At Tucson, you kind of reset your pricing. We do a lot of research into what’s available in the market, and what price points different stones are at. Spinels are always at the top of the list for both production needs and one of a kinds. Also really high-end moonstone, which is popular. (When you see very nice moonstone next to commercial moonstone, it’s very different.).

Of all the gem shows in Tucson, which do you prioritize?

For us, AGTA and GJX are the two safe shows for fine jewelers. Everyone’s vetted that participates at the show. They know their supply chains, they know a lot about their materials. They are safe to anyone who’s in the industry who just wants to purchase and experience the shows.

Milamore Kintsugi emerald earring
Kintsugi emerald earring in 18k yellow gold with 0.04 ct. t.w. diamond and 0.18 ct. t.w. emerald, $1,900 (sold as single); Milamore

That said, a lot of the side shows are where you’ll find deals. You’ll have to dig through a lot of stuff, you will have some experiences with vendors, but it’s where you will find deals. If you’re looking for production goods, that’s primarily AGTA and GJX. (A lot of our designers are going to Tucson not to buy, but to set up partnerships for future collections.) But I have other people who are going with large budgets for really amazing stones. I recommend they check out the side shows before going to GJX and AGTA.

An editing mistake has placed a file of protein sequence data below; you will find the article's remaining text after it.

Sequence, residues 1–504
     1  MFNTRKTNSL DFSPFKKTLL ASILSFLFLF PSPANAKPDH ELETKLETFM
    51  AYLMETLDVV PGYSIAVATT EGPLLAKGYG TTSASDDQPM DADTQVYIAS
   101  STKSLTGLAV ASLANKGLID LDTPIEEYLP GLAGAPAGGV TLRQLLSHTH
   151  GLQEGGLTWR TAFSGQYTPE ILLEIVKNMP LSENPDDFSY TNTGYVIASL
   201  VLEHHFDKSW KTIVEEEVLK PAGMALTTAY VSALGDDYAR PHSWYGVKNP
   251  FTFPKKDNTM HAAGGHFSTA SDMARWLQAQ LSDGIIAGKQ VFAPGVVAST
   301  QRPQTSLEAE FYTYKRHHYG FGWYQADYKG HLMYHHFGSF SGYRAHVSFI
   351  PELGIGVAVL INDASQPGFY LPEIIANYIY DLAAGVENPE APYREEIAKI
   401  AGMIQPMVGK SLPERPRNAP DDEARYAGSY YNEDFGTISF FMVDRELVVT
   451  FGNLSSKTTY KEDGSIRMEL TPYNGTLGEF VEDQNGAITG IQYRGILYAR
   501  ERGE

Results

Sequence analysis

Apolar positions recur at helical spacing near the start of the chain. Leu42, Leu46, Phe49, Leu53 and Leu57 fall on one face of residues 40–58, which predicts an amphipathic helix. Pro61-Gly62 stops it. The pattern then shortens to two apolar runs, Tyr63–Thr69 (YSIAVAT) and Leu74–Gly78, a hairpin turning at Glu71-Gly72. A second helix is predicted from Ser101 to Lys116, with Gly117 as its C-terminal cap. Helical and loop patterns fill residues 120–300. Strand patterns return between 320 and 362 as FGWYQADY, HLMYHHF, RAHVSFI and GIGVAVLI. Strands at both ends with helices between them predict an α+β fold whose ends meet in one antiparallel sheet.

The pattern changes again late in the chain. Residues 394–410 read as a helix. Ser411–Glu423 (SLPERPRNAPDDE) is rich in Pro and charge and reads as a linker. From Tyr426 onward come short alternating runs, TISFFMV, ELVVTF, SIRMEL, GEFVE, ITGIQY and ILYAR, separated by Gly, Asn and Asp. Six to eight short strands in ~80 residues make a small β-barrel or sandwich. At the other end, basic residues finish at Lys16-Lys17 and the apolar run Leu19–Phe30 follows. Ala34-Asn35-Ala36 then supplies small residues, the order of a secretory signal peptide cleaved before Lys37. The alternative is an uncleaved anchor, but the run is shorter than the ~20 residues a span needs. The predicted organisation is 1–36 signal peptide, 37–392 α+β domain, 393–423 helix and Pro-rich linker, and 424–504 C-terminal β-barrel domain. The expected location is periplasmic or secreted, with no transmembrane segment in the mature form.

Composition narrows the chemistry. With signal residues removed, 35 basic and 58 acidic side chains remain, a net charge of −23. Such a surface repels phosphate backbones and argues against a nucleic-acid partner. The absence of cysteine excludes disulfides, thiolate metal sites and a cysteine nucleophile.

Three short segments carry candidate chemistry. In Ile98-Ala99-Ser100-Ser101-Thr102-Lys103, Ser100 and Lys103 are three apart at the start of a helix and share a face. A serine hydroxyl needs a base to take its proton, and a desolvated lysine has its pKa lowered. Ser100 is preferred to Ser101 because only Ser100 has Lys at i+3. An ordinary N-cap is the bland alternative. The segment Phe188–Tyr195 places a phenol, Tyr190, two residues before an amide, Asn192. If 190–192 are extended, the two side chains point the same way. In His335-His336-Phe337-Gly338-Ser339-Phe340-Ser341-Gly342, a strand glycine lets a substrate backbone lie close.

Our favorite side show is the Pueblo—they have a lot of very high-end vendors. Overall, it’s the next best show at Tucson. For people who’ve never been, you’re walking through a motel and in some cases, you’ve got the mattress pushed up against the wall and a million dollars of inventory laid out on the carpet. It’s pretty wild.

Which issues are top of mind for your clients as they prepare for Tucson?

Sustainability and supply chain are key issues for all of our clients. A big part of what we do when we go there is, ideally, you’re talking to people who know a lot about their products. A lot of vendors at AGTA have offices in New York City. But it takes forever to see all these different people. Tucson makes it easy to spend a day and meet 100 different people and ask all those questions.

With Tucson, they now have an Ethical Gem Fair. It’s really small but growing, and I know all our clients are going to go. If the people we’re buying from don’t know where their material came from, how it was mined, or what else might have happened to it, we don’t typically buy from them. But the good news is more and more people do know.

Are you concerned about encountering supply constraints in Tucson this year?

Not really, to be honest. A lot of our designers, their designs change year to year based on how they’re feeling and what inspires them. I have no concerns about there being plenty of material for us to buy in Tucson. It might not be what we’re expecting to buy, but in most cases, that’s a positive thing.

We always recommend to our designers that they go with an open mind. I know prices have increased, especially for core materials such as aquamarine. But I have zero fear that there won’t be enough.

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By: Victoria Gomelsky